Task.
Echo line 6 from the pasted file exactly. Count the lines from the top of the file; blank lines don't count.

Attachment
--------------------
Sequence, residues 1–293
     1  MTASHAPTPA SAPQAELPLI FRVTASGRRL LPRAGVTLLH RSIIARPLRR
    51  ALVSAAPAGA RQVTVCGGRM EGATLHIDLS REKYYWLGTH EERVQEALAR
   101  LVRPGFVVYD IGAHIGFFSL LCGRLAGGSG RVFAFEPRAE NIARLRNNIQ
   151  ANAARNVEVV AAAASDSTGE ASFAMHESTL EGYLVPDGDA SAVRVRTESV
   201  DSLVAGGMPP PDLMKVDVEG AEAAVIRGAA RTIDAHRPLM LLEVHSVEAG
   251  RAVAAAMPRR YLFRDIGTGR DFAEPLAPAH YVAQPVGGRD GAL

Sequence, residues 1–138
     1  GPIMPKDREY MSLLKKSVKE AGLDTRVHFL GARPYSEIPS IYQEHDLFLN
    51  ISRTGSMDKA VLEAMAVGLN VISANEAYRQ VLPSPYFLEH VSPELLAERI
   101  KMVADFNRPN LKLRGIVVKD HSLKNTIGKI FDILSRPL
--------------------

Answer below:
   201  DSLVAGGMPP PDLMKVDVEG AEAAVIRGAA RTIDAHRPLM LLEVHSVEAG